The story of Mike Williams' career appears to be in the process of being rewritten. As a freshman for the University of Southern California, Williams caught 81 balls for the Trojans, who finished fifth in the nation. He improved on that production by hauling in 95 receptions the following season as USC finished second (though they were ranked No. 1 by The Associated Press). Following that season, out of the blue, Williams declared for the NFL draft when a judge ruled that the NFL improperly disallowed collegiate underclassmen from entering the draft via a suit that was originally brought by Maurice Clarett. Williams hired an agent and when the NFL won the appeal on Clarett's case, Williams was no longer eligible to play in college nor could he enter the draft.
A year later, the Detroit Lions drafted Williams 10th overall, despite spending their two previous first-round picks on wide receivers Charles Rogers and Roy Williams. The rest, as they say, is history. Mike Williams became an almost instant bust. In three years in the NFL, Williams caught only 44 passes and allowed his weight to balloon to a reported 290 pounds. The combination of speed and size that made him a mismatch had been flushed away. All that was left was size, and size without speed isn't a recipe for success for NFL wide receivers.
Fast-forward to this offseason, when his former collegiate coach, Pete Carroll, accepted the position to be the head coach for the Seattle Seahawks. Carroll, having no allegiance to anyone on the Seahawks roster, permitted 17 non-roster players to participate in minicamp and compete for a job. Williams appeared at that minicamp in shape and left it with a contract, and found himself back in the NFL competing for playing time.
Fast-forward again to Week 4 when the New England Patriots had tired of Randy Moss and shipped Moss to the Minnesota Vikings, thus leaving the Patriots with a need for a veteran receiver. They called Seattle and asked for Deion Branch, whom the Seahawks were more than willing to move for the price that was offered. The end product of these moves is that Williams emerged with a greater role in the Seahawks offense.
Now, being given a greater role and executing within those opportunities are two different things, but Williams appears up to the task. In the two games since the Seahawks had their bye, he has turned 31 targets into 21 catches for 210 yards and a score. In short, Williams appears to finally be living up to the high expectations that were held for him so long ago. In fantasy terms, Williams has gone from bust to sleeper to stud in the span of six games. Based on the opportunities he's seeing, it's not unrealistic to project Williams as a better fantasy option than the Carolina Panthers' Steve Smith for the remainder of this season.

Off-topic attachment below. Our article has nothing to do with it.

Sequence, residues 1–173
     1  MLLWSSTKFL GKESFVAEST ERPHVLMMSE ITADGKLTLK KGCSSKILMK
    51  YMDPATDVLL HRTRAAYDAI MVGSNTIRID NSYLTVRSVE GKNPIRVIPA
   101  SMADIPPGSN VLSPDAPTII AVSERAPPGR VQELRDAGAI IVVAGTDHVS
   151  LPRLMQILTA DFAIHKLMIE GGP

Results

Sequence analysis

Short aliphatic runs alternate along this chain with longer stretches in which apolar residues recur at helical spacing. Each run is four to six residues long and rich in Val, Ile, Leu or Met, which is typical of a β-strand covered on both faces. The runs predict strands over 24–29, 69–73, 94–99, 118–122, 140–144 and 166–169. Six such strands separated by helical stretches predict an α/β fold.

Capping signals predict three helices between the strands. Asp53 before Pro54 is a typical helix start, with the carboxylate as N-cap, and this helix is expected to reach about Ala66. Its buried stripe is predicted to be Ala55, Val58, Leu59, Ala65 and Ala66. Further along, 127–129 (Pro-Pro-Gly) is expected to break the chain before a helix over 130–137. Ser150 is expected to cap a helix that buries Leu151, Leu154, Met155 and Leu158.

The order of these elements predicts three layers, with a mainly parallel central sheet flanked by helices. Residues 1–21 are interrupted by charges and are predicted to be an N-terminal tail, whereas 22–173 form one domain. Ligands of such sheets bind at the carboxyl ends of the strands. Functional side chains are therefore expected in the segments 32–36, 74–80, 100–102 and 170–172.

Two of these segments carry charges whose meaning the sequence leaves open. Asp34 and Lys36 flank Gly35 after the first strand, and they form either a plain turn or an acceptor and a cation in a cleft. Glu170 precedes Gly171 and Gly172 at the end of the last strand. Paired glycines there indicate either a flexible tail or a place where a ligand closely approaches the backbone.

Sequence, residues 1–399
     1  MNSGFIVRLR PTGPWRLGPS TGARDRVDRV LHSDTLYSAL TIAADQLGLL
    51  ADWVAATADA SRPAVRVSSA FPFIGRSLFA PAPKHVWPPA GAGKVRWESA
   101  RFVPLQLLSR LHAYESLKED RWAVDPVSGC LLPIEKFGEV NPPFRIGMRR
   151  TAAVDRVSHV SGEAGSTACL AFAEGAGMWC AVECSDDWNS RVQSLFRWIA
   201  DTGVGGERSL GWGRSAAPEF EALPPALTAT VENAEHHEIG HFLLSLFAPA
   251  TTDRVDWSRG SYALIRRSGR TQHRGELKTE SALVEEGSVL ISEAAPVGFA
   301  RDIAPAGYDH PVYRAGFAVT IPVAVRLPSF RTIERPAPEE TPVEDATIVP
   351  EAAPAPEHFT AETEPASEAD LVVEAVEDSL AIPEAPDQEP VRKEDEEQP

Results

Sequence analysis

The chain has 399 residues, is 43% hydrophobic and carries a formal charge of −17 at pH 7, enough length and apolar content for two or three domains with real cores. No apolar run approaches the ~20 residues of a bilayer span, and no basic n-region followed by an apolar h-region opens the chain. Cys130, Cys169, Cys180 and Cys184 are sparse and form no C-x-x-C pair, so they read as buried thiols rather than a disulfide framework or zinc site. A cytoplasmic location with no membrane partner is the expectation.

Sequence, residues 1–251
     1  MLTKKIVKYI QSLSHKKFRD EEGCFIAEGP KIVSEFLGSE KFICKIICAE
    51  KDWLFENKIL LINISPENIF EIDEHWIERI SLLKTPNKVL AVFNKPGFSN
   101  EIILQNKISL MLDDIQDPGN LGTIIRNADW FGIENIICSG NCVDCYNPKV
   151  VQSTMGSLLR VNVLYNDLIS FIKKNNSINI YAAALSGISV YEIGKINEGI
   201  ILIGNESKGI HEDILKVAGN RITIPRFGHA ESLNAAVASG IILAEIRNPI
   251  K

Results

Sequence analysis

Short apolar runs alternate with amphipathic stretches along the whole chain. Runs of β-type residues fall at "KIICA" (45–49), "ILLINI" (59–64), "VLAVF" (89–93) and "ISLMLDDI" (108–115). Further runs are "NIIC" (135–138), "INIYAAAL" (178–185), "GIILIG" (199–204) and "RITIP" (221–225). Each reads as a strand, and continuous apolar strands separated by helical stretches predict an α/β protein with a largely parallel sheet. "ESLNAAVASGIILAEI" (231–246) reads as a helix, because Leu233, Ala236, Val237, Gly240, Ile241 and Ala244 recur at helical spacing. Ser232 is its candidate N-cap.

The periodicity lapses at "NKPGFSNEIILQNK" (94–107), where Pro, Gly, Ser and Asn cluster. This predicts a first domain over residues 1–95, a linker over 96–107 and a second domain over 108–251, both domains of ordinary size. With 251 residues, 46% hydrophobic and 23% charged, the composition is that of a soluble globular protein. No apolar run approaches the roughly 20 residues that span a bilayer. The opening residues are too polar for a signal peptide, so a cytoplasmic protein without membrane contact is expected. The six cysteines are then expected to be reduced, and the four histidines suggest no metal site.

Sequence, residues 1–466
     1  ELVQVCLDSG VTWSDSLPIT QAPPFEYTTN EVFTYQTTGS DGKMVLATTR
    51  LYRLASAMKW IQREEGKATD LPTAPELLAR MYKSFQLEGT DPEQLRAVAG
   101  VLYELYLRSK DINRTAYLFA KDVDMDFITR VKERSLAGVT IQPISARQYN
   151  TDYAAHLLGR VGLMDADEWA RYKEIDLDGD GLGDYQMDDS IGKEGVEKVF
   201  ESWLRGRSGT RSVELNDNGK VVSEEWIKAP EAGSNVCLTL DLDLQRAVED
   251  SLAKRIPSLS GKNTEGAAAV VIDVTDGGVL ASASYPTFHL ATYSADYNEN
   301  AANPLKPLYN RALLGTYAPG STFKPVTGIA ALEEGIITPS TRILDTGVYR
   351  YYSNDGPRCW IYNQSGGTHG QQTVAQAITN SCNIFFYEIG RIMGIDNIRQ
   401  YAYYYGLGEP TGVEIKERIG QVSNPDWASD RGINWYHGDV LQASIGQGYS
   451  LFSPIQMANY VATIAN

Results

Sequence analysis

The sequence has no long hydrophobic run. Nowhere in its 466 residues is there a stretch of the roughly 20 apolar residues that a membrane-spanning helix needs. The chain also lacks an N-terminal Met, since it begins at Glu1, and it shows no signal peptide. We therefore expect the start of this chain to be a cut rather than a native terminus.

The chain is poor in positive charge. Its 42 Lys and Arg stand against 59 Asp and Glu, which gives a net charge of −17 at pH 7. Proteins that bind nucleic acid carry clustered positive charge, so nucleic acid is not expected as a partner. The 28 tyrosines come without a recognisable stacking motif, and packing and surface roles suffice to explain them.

The following players are averaging seven targets per game or more over the past four weeks:
Note: For those of you not familiar with the best way to interpret the standard deviation data, all you have to know is that players with large standard deviations (e.g., Danny Amendola) likely have at least one game that is significantly altering their average, whereas those with small standard deviations (e.g., Larry Fitzgerald) have received basically a similar number of targets in each game. Finally, standard deviation can only be determined for data sets of two or greater, so if a player has played in only one game, his standard deviation is listed as not applicable.
A look inside some of this week's receiving performances:
Marques Colston, New Orleans Saints (15 targets; 10 receptions for 112 yards): The good news is that he finally had the type of day that his owners expected when they drafted him. The bad news is that came because his Saints got dominated by the Cleveland Browns and were forced to throw even more than normal. Consider him a sell-high candidate.